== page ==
Corn ethanol is a tricky subject, but what if you could teach corn to produce its own fertilizer from the air around it? If you could, you would vastly reduce the amount of petroleum-based fertilizer needed to grow it and therefore make it much more environmentally sound.
There are plenty who would rather we just didn’t make ethanol from corn at all due to a whole host of reasons including the food vs. fuel debate and questionable environment benefits when compared with gasoline. There are also plenty who challenge those assertions and say that making ethanol from corn has only a very tiny affect on food prices and that almost all corn grown for ethanol clearly shows a positive environmental benefit compared to gasoline.
Nowadays you can even find many peer-reviewed scientific studies that “prove” both camps are right. Go figure.
Recently the US Environmental Protection Agency introduced its new Renewable Fuel Standard (known as RFS2) which attempts to address some of the above arguments by requiring a positive environmental benefit from all types of ethanol—meaning at least a 20% reduction in greenhouse gas (GHG) emissions when compared to gasoline. This will become of increasing importance as the proportion of ethanol in the US’s fuel mix increases dramatically from todays 11 billion gallons per year to a regulatorily required 36 billion gallons per year in 2022.
However, one of the most important factors in determining whether or not corn ethanol has a reduction in GHGs is related to how the corn itself is grown. Corn has a shallow root system and requires a lot of fertilizer to achieve high yields—important when you’re trying to minimize the amount of land used to grow it. All industrial fertilizer is made using what’s called the Haber Process (read the section at the end, “Haber Factoids,” for some interesting tidbits), which essentially uses petroleum to take the nitrogen from the atmosphere and “fix” it into a compound that can be applied to plants as a fertilizer. You can clearly see how this might make growing corn less environmentally beneficial than it could be. If you could get rid of the need for fertilizer, not only could you eliminate a large portion GHG inputs, you could also drastically reduce water pollution.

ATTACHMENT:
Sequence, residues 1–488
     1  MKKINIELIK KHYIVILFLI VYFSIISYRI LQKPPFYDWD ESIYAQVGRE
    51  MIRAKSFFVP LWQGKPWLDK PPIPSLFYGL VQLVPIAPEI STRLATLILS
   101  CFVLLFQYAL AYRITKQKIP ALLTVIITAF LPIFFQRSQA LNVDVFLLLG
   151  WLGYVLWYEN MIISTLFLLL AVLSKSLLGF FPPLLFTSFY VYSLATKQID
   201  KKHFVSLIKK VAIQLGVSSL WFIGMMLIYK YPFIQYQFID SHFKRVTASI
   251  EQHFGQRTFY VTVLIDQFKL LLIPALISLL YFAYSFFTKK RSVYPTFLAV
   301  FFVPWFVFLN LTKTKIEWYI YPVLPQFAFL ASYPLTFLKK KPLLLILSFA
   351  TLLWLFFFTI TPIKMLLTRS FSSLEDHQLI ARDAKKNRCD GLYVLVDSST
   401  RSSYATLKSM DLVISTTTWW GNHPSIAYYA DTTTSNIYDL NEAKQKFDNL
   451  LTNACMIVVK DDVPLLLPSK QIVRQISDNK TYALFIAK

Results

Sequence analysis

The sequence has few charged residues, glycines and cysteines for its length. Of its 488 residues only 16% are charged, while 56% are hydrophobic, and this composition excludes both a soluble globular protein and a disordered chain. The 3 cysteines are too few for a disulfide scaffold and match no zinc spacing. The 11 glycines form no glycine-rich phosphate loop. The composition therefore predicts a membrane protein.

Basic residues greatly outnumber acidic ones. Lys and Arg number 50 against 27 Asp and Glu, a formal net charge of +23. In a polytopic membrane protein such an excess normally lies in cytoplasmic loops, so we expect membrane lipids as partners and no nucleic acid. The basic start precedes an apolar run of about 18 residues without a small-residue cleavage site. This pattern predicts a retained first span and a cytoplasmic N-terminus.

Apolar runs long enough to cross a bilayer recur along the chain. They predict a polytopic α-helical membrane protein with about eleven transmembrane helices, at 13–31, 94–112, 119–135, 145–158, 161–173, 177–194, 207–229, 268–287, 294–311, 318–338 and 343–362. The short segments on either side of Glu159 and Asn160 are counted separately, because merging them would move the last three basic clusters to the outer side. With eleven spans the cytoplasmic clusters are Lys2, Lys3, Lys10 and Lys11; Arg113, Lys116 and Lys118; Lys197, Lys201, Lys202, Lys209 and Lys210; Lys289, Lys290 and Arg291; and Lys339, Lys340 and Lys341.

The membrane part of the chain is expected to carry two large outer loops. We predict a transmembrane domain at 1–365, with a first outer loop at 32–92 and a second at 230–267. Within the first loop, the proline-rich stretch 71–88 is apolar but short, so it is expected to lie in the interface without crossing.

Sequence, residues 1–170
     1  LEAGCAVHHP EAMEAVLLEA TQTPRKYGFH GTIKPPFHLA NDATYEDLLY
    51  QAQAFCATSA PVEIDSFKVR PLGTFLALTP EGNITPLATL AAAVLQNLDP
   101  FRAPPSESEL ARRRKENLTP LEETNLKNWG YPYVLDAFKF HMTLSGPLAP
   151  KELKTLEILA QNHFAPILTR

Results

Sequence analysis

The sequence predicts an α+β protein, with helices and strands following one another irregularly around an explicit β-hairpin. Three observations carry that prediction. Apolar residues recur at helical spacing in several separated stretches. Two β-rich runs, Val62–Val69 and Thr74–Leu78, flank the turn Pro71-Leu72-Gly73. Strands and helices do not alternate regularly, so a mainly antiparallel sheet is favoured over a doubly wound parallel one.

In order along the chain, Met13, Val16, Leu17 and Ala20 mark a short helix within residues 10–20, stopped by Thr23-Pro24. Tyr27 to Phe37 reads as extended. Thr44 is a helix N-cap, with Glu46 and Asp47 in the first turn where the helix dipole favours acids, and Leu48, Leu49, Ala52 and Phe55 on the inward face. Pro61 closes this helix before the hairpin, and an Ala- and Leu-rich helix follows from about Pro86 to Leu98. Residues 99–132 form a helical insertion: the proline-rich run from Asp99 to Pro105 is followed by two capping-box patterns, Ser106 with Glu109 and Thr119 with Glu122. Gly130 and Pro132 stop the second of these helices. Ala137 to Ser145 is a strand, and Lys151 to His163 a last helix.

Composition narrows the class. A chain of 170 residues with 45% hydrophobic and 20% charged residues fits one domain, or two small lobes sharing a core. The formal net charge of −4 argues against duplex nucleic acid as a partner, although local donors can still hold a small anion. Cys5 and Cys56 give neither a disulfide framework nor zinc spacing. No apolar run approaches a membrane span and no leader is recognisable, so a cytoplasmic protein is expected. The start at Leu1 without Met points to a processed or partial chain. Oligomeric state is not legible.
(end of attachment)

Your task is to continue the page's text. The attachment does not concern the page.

To address this issue, a major group of scientific collaborators from around the globe with $2 million of funding from US and British institutions is delving into the new field of “synthetic biology” to try and teach corn to “fix” its own nitrogen from the air around it. Many types of plants already have the capability to do this through a symbiotic relationship with bacteria. The researchers think they can engineer corn to do the same thing.
Sounds pretty far out there, no? With all the advances in the last decade in our understanding of genetics, scientists now have a much clearer understanding of how to reprogram a plant to do what you want it to do. “We now understand enough about how genes work and how proteins are produced that we can actually think about reprogramming how living cells work,” said Kaustubh Bhalerao, an assistant professor in U of I’s Department of Agricultural and Biological Engineering in a statement. “On one hand, it sounds intimidating. But on the other hand, there are tremendous benefits that may be possible by doing this.”
Not only is their research applicable to making large advances in growing corn, it can be applied to a whole host of other living things with the intention of improving living conditions for billions around the globe. “This type of technology allows us to think about interesting, novel solutions to major concerns, such as how we can feed more people, or how we can produce more drinking water,” added Bhalerao. “Synthetic biology is an entirely new discipline. To compare it with electronics, where it’s drawing a lot of its ideas and terminology from, we are at the stage of developing the transistor. We cannot foresee what the Internet of this technology is going to look like.”
Fritz Haber, for whom the Haber Process is named, was a fervent Nazi and his process was coopted to make explosives by the Nazi’s during WWI and WWII. Haber was also instrumental in developing and deploying the first chemical warfare agents on the battelfied during WWI, which earned him the title of the “father of chemical warfare.” In fact, his wife, who was also a chemist, was so opposed to his use of chemical weapons that she reportedly killed herself with some of his chemicals in their garden. Interestingly enough, Haber also won a Nobel prize for his fertilizer efforts even after his well-known development of chemical weapons. As is so often the case in our world, a major figure in human evolution and cultural development was just as evil as he was good.
Image Credit: BrianForbes37‘s Flickr Photostream. Used under a Creative Commons License.